British funnyman Ricky Gervais (“The Office,” “Extras”) stars in his first feature film lead as Bertram Pincus, a hapless gent who’s pronounced dead, only to be brought back to life with an unexpected gift: a newfound ability to see ghosts. When Bertram crosses paths with the recently departed Frank Herlihy (Greg Kinnear), he gets pulled into Frank’s desperate bid to break up his widowed wife’s (Téa Leoni) pending marriage to another man.

This film is basically one that you probably haven’t heard of. And thats a real darn shame, cause your missing out on something great.

Ghost Town has the obvious romantic comedy cliches that over-load the film early on, and never really stop coming on. It has that It’s a Wonderful Life or Christmas Carol feeling, but with a lot more obvious cliches.

But that is the only problem with this film. Other than that I found this to be a great blend of comedy, romance, and ghosts, and I thought I’d never have to say that again. Writer-director David Koepp does a wonderful job of adding enough dark, and sometimes dry comedy without making it too smart for you not to understand. Also, the film is not just a romantic comedy all the way through, by the end there are actually some good tear-jerking dramatic scenes, mostly cause you are dealing with dead people. The comedy along with its drama is tender and sweet although I will say it is very predictable.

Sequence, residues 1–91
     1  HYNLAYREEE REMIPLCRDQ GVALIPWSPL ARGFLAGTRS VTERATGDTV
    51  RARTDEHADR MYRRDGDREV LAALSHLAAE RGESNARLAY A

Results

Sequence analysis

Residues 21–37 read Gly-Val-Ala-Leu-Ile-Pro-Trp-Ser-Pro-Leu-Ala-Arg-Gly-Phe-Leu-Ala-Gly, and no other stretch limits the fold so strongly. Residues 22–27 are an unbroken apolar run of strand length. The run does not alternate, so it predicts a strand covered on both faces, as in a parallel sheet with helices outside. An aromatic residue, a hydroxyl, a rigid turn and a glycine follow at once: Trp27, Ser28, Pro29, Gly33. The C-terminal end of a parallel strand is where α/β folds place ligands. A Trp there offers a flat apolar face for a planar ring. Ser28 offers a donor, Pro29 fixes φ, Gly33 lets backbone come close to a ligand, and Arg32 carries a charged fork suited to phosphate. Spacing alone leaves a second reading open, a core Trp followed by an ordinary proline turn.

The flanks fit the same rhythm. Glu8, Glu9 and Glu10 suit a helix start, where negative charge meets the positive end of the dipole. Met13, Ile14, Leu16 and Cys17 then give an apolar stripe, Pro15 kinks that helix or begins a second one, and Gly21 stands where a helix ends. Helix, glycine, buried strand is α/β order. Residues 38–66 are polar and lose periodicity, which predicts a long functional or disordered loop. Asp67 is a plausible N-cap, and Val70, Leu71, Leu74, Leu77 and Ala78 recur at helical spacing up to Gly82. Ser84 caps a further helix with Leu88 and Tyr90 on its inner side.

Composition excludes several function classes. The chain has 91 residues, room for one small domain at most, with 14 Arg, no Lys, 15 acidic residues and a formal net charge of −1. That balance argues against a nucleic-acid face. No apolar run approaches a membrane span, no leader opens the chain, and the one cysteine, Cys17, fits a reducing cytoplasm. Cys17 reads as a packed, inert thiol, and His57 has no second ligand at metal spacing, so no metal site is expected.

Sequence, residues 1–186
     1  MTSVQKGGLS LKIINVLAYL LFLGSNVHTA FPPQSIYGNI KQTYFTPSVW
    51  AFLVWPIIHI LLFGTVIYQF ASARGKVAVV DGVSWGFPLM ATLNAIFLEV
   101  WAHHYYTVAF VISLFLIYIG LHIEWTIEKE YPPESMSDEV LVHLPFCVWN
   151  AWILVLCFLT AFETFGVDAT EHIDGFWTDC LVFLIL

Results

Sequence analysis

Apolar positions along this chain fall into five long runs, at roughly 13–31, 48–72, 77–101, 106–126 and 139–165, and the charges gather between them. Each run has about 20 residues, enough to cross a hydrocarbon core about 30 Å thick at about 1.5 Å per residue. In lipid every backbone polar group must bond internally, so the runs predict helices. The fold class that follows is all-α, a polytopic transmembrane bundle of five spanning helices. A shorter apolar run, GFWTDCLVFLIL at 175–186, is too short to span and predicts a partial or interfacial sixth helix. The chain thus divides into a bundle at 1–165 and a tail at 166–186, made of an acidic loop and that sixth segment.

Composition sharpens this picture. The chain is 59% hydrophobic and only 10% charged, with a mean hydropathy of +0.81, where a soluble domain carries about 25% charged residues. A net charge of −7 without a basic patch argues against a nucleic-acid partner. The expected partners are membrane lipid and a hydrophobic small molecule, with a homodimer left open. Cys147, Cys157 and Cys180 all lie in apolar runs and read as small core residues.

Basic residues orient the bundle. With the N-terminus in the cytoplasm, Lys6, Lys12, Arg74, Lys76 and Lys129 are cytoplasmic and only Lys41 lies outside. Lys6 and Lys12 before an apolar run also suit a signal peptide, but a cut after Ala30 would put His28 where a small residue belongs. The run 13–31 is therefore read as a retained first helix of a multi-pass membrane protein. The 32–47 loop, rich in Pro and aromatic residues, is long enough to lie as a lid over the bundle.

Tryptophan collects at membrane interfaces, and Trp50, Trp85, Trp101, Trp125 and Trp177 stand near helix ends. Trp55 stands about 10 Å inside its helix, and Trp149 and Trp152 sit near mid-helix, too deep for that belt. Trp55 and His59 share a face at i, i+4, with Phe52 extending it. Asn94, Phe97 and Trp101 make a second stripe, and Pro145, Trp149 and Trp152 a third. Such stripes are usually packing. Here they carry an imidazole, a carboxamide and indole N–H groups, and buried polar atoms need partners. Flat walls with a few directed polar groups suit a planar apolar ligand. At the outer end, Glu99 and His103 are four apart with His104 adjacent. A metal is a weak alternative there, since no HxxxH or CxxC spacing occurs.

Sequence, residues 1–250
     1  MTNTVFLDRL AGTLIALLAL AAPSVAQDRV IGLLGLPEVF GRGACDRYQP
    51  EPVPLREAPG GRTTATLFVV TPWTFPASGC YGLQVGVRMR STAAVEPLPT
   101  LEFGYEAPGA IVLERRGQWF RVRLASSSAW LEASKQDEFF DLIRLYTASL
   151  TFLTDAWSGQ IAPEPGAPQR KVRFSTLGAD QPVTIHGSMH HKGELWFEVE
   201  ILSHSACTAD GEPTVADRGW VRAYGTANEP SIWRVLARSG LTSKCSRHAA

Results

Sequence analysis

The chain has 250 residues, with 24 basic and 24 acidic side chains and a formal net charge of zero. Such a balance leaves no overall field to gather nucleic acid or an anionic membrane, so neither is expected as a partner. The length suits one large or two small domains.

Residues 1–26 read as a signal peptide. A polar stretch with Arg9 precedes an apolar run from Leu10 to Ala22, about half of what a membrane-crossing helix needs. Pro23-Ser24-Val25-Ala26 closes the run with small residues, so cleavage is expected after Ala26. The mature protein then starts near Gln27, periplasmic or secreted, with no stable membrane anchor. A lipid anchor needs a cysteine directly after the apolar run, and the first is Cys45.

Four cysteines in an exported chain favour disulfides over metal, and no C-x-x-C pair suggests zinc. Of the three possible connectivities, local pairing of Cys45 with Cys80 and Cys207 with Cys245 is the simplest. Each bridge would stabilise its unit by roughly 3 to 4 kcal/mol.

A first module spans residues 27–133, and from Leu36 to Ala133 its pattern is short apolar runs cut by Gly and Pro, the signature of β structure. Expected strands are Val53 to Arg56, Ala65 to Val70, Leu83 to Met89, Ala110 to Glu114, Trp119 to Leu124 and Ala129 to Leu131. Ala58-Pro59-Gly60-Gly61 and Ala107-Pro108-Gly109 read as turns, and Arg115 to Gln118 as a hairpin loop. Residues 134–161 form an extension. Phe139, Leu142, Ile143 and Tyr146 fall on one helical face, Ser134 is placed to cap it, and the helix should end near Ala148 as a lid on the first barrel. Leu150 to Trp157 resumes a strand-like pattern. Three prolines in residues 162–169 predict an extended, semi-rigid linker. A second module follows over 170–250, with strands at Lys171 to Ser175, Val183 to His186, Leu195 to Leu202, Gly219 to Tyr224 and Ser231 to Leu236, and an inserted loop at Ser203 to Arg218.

Gervais does great in his American debut role, and acts like a complete dick throughout the whole beginning and by the end you start to like him. His dry sense of humor and deliverance is perfect for this role, and I actually think a lot of his own ad-libs got Leoni actually laughing, and not just a script laugh. Kinnear is good but I couldn’t find whether or not to trust this guy, cause at times we found he was a dick then other times we found he wasn’t.

Consensus: Ghost Town may be highly predictable, but has great dialogue filled with enough of hilarious comedy, and tear-jerking dramatic scenes, and a great lead performance from Gervais.

8.5/10=Matinee!!!